Another thing ,do you need this training to do the job. You know this better than

    anyone. What can you afford to do ,are there openings in your field of work.

    This could turn out to be a good thing ,it could make you a more valuable to the

    company after more training. You were good enough to get the position ,you need

    to be good enough to stay, a little soul searching is advised.
     
  9. Papabravo

    Expert

    Feb 24, 2006
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    In any abusive relationship, once you accept the abuse, escalation is inevitable. I'd rather eat garbage from a dumpster than let anybody abuse me like that.

    Don't feed the trolls!
     
  10. poopscoop

    Member

    Dec 12, 2012
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    Unpaid overtime is a nogo. Unless you are on salary, you get paid for overtime in the US. Some employers will swap overtime pay for time off later, which is acceptable.

    Expecting you to be on the job site and not paying you is not acceptable. Tell them this. You honestly think they're going to fire you and find another engineer willing to work for no pay? Not likely. You're there to do a job, not make friends. Stand up for yourself, tell them that you will be getting paid to work, and if they don't like that then there's a dozen lawyers that can make it infinitely more expensive.
     
  11. Papabravo

    Expert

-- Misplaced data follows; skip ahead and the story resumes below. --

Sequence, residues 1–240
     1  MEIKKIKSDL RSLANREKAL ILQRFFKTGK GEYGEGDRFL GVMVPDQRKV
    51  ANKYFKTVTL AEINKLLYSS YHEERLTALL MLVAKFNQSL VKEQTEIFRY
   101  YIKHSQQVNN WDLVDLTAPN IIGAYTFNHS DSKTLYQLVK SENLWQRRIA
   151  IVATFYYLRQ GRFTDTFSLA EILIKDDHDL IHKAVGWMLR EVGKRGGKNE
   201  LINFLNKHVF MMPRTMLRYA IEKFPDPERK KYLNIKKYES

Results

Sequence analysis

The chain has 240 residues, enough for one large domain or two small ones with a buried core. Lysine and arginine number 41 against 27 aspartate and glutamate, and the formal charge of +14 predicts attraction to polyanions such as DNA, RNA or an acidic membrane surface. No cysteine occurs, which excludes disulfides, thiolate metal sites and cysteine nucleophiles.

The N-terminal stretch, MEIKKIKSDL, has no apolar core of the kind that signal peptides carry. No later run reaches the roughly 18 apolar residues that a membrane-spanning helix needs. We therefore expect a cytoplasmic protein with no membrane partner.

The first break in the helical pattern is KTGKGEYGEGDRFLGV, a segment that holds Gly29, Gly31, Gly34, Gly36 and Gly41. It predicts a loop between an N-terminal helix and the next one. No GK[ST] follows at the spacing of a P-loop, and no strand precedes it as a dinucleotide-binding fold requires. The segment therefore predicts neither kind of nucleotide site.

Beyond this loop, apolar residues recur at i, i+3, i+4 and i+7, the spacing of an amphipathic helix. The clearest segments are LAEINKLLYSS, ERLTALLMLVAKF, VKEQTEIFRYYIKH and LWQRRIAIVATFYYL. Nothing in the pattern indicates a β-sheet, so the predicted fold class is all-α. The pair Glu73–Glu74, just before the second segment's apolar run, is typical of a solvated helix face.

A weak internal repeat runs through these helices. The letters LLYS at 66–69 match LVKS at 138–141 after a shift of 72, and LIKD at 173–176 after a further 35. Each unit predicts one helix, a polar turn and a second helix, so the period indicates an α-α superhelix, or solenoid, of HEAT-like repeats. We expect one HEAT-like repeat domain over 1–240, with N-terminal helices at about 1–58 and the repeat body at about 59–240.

Feb 24, 2006
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    No person that I have EVER known has benefited even a tiny iota from staying in an abusive relationship. Leave quickly and without regret.
     
  12. strantor

    AAC Fanatic!

    Oct 3, 2010
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    Walk out of there. If others are being abused, they might follow your lead. When the crew starts abandoning ship, I'm sure the company will start asking why. And when the answer comes back with a resounding "because this dude is a douche", maybe they will rethink.
     
  13. trader007

    Active Member

    Feb 27, 2010
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    since when? banking hours only helps the employer, despite what they will tell you. if you want the money for later when you have days off, save the damn stuff yourself. letting your boss hold onto it means you dont get the overtime difference OR the interest it will accrue over that period.
     
  14. tracecom

    AAC Fanatic!

    Apr 16, 2010
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    I have never been a contractor, but I have worked with several. The standard that I saw is they got paid for every hour they were on the job...no more, no less. They came in on the dot and left on the dot. That was what was expected; it was the tradeoff for no benefits. They knew it and we knew it. I never heard of one being asked for free hours, but I expect I know what the answer would have been.

    Whatever you decide, I wish you good luck.
     
  15. Cliff987

    New Member

    Oct 2, 2012
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    He is correct, unless your written agreement says otherwise. I haven't seen it so I don't know what it says.

    It seems to me that you are taking the experience and reasonable expectations one might have - AS AN EMPLOYEE - and trying to overlay them onto a very different thing, and it won't work. You are a company selling a service, not an employee.

    Generally :
    When you are consulting or contracting, whatever you want to call it, you are not an employee you are a business transacting at arms length on equal footing with the company for whom you are selling your service.

    If your company is not getting the job done (for whatever reason) then you should expect the client company to be very, very demanding and all those questions about overtime and non paid work and training have to be taken back to the company that you own: the contractor and not the client company.